Lawsuit raises questions about data privacy and the cloud

Recent disclosures in a California lawsuit raise several red flags about how government data may be used by cloud providers.  It calls into question cloud providers with business models that rely heavily upon advertising revenue and monetizing user data.

The lawsuit alleges that Google violated federal and state wiretap and privacy laws by data mining the email content of students who used Google’s Apps for Education and Google’s Gmail messaging service.  The larger issue is that public-sector users of certain cloud services, including federal government employees, may not be protected from data mining and user profiling for advertising purposes.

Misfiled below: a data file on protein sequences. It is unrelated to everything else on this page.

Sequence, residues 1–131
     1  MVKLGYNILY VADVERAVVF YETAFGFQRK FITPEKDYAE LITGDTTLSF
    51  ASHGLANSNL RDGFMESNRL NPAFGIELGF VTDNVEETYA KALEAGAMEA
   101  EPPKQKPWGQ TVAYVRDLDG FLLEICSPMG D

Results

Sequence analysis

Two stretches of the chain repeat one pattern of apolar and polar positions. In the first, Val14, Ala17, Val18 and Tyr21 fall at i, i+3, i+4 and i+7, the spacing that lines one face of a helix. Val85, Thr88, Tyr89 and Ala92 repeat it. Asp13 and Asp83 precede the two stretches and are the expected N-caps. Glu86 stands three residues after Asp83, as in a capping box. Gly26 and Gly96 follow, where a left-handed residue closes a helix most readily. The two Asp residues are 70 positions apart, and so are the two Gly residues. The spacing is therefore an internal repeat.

Cloud providers, such as Google, are collecting petabytes of data each week.  Now, with the use of big data mining approaches, those providers have the ability to understand more about you than you think.  Some of this data is rather personal, such as likely sexual orientation, current health, income, or even the likelihood that you’ll commit a crime this year.

So, now that we understand what this data is able to tell us, the question is: What limitations and disclosers should exist to address privacy issues?  Until we have that answer, these types of lawsuits could become more common.